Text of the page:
Wednesday, April 18, 2018

Innovation From All Sides

Over the last few years, Innovation and Disruption seem to be making the rounds along the conference circuit.  Those speeches effects can be found in the actions of CIOs around the country making innovation teams, and disruption evaluation projects.  Unfortunately, most attempts to harness innovation and disruptive methodologies seem designed to run afoul of the same processes that have killed innovation in the past.

Decades ago, when explaining how to productively brainstorm, Alex Osborn made the case that quantity of ideas coming out of a brainstorming session was more important than the quality of the ideas.  The less restrictive the bounds on presenting ideas, the more ideas presented during a brainstorming session.  And, with more ideas, and less restrictions, one might actually find that golden nugget of an idea that can change everything.

Establishing a defined innovation group seems to fight that freedom that actually leads to challenging ideas.  By establishing a group dedicated to washing a fleet of cars, no one else feels empowered or has the responsibility to ensure that the cars get washed.  Washing cars is someone else’s job and I heard that Bob got in trouble for washing his own fleet car.  But, for any organization, presenting a good image is everybody’s responsibility.  The analogy holds, and generating ideas that can improve an organization is everyone’s responsibility.

And, any innovation group has to be ready to present their ideas to management.  Those ideas have to be actionable and there’s always a pressure to produce – on a timetable.  Anyone that will produce a truly innovative idea loves knocking around ideas for improvement.  Hopefully, an innovation team enjoys doing that even more.  But when those ideas have to be codified and reported up the management chain on a defined timetable, an enjoyable exercise becomes one more task that has to be addressed for the week.  Given that most innovation teams are composed of managers and subject matter experts tasked with a great quantity of work, this makes “innovation” work even more onerous.  Formalization of innovation can quickly make an enjoyable and rewarding exercise into a painful and soul-killing experience.

Innovative ideas can be the lifeblood of an institution.  But they don’t have to be big ideas to have big effects.

Recent readings in the Harvard Business Review all point to creating value for customers as being the criteria for which new ideas should be judged.  And creating value for customers, whether they are students or consumers, comes from understanding their needs.  Understanding the needs of our constituencies is not owned by upper level management, or even the most technically astute among us.  The needs of our constituencies are best understood by our constituency itself.  They may not be in a position to design solutions, but they know what they need.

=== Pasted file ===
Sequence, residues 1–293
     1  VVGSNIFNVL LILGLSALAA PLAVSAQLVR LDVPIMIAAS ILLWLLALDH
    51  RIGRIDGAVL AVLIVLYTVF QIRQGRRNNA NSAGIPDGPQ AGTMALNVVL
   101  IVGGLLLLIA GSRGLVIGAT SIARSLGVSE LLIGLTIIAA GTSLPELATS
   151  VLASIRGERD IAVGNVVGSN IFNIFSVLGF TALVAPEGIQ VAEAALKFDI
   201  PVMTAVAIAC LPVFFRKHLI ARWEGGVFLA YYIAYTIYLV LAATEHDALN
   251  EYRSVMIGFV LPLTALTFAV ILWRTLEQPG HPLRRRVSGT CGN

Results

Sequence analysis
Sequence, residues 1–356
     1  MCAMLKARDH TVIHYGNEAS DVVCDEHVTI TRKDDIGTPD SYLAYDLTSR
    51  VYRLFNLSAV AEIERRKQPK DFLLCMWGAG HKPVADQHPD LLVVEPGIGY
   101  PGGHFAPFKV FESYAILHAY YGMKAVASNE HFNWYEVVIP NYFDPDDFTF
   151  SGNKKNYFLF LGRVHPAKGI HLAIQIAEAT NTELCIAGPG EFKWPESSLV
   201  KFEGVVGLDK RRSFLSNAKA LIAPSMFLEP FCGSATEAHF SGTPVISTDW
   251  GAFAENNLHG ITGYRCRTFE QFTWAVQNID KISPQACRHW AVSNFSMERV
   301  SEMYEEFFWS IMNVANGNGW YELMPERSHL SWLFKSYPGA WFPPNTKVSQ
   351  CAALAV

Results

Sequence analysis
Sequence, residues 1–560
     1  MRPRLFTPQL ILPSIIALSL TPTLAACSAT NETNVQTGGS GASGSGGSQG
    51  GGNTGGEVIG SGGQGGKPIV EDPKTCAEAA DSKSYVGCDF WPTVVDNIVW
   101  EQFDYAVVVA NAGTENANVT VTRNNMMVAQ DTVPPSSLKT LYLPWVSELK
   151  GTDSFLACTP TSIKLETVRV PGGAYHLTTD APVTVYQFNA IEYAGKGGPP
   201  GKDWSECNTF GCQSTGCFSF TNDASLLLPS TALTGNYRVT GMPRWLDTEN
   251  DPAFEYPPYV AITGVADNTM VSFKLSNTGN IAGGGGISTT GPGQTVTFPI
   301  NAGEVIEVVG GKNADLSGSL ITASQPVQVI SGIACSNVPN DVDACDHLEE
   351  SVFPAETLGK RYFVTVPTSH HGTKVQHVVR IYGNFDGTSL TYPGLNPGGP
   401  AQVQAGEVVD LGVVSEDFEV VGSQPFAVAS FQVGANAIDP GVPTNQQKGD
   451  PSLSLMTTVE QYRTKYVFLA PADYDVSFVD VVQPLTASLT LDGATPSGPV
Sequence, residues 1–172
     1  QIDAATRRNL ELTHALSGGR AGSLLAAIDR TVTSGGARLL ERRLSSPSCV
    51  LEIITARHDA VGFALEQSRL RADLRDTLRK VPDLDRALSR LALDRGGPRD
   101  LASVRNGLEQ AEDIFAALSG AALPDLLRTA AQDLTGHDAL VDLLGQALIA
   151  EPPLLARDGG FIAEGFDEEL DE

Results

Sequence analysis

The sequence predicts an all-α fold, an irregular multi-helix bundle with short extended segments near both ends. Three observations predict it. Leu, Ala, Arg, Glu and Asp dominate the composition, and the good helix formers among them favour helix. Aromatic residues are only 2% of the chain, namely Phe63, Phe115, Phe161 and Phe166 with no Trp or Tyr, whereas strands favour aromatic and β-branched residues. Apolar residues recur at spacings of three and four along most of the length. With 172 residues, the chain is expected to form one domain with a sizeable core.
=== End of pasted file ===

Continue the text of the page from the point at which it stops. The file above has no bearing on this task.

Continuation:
And, in the case of a public university, our constituency consists of every student, staff, or faculty member that ever steps foot on campus.  They can be the font of innovative ideas that propel universities forward.  Innovation teams may be necessary, but not as the creators of innovative ideas, but as the people that make those ideas a reality.  An environment that fosters creativity doesn’t need to be much more than an environment that doesn’t crush it. 

Innovation teams can serve a vital role in that environment – but they don’t own innovation.
I was walking across UF campus some months ago with my daughter and talking about her future.  We tossed around the normal topics: school, her future, career, insecurities and son.  But in the midst of the discussion we crossed one of our many green spaces and I pointed out one of our wireless access points that we have mounted in one of our campus blue light phones.

I thought I had found a great teachable moment.  I told her the story of how that installation came to be.  Folks from networking had a problem, they reached out to folks in telecom, a member of UFPD chimed in with a solution, and finally working with grounds we had delivered Wi-Fi to the space.  It wasn’t really any one group’s job but an idea had taken hold and everyone made it happen.  I avoided terms like “leveraging original investment” and “maximizing return on deployment”.  I didn’t want to turn her off the conversation with jargon.  And then she asked a question.

“Where’s the camera?”

She had been paying attention and wanted to know with all the infrastructure in place, why hadn’t we put a camera there as well.  Wouldn’t we want prospective students to see how much fun it was playing Frisbee in the field?  Wouldn’t we want to have a live camera where students came to protest?  With all the work we had already put into the location, putting up a camera seemed simple… to her.

None of the highly paid technical professionals that worked on the project had considered the possibility.

With that, I went to work getting a camera in place.  It hasn’t gone online yet.  There have been holdups and roadblocks. But good ideas don’t die an easy death.